I want to keep the trad look. Estimated I need quantity of 90 8-foot pieces for the ceiling and 100 for the floor.
This is the wrong time to be buying millwork or lumber. Thank you Mr. President.
I looked at what the big boxes and a lumberyard offers and it is not much in the way of trad millwork.
I would like the floorboard material to be pressure treated. The beadboard material can be any decent SPF 1-by.
A Texas supplier sells these trad materials; they (see below) want about $3200 shipped. Ouchie, and a Texas-sized 18-wheeler delivery trailer can't get down my street anyway.
Going the homemade route, I designed sections for the beadboard and the floorboard (see below). Yes they are both hefitier in section than the trad sections but I want them to outlast me.
Big box will sell pressure treated 2X8X8 for my floorboard, and 1X8X8 knotty pine for my beadboard. So raw materials is about half the price of finished millwork from the Texas supplier, and I can get both from the local big box. I have heard that pressure-treated is brutal on cutters (?).
As for tooling, I own a Shopsmith - which makes such homemade millwork possible for me. I would need to buy a rotary bead cutter (see below) but I have a dado set and I think everything else tooling-wise.
But cutting long thin work is generally hazardous and I dread doing it, especially at this scale. And I have never used a bead cutter. How hazardous could it be??
Per your experience, is cutting millwork at this scale really worth the aggravation?
Has anyone here had large material deliveries sent to a depot rather than a residence?
Suggestions as to my design and fab specs for these 2 items are welcome.
- BEADBOARD.JPG (52.3 KiB) Viewed 1413 times
- FLOORBOARD.JPG (64.5 KiB) Viewed 1413 times
- YELLAWOOD T&G PORCH FLOORBOARD.JPG (122.54 KiB) Viewed 1413 times
- VINTAGE WOODWORKS PRICES FOR PINE BEADBOARD AND YELLAWOOD FLOORBOARD.JPG (115.52 KiB) Viewed 1413 times
- WOODLINE #7541 BEAD CUTTER.JPG (26.21 KiB) Viewed 1413 times
I would check around you for local shops that might be set up to do what you need at a reasonable price. You just might find that you need.
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There's also bead board plywood and panels, some more water resistant than others, and some better looking than others. Depending on condition much easier to install.
As for cutting this stuff yourself, it's a big job but doable. I used to take on projects like that. You're talking about passing 100+ 2X8x8's over your Shopsmith at least 4 times each to cut those grooves cleanly. Possibly more passes on each one to get clean cuts. I remember when I would scoff at that little workout. Now I wouldn't go near it. But sometimes if you have a good helper or two those boards go flying by.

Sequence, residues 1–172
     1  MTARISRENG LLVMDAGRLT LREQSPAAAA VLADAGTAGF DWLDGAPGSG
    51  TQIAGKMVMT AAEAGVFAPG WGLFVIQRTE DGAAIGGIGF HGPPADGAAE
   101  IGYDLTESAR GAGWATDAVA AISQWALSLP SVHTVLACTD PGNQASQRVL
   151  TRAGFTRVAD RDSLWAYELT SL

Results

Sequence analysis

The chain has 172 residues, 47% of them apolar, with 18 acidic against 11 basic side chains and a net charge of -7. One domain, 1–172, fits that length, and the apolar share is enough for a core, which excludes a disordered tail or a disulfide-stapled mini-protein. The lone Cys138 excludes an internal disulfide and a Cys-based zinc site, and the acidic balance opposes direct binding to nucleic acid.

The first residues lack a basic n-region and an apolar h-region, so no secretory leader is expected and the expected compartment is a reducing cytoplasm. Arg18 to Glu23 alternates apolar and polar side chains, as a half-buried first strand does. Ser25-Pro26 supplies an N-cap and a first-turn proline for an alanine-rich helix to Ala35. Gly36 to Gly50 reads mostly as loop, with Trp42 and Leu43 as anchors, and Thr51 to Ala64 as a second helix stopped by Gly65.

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Do you have a planer? Having done most of my woodworking without one, I could foresee some challenges getting the T&G fit you want if thickness is inconsistent and you are cutting T&G on a table saw. Depends of course on the extent of inconsistency.
I've read the same thing regarding cutting PT being hard on tooling. I've worked with some, but just did crosscuts and only with a circular saw where the blade is disposable anyway. It was a mess, my PT was pretty wet (not moist, wet). KDAT, per your ad, is reportedly better.
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I think that edge location (for the bead) would weaken the board. My current old beadboard has the bead near the edge, and it has several edge splits there. I expect my joints will line up well enough to make them cosmetically disappear and then only the beads will appear, equally spaced. At least that is my intent. I expect to finish the ceiling with dye + urethane spar varnish.
Also, no I don't have a planer - or a jointer. I get by with nailing a "cleat" on the board which fits the table t-slot and lets me cut a straight edge. I expect the 1X8 beadboard to be S4S which typically is pretty clean. I am hoping the 2X8 floorboard faces will not need to be planed - floor will be sanded after install.
then there is the sanding .............. the good thing is , it looks the way you want it to . we used a mix of size from 1x6 - 1x8 boards at 10' , there was over 120 boards .
- General George S. Patton (1885-1945)
https://www.menards.com/main/paint/pane ... 108&ipos=7
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They're now part of the BMC lumber group, so maybe things have changed, but they at least used to be wonderful place.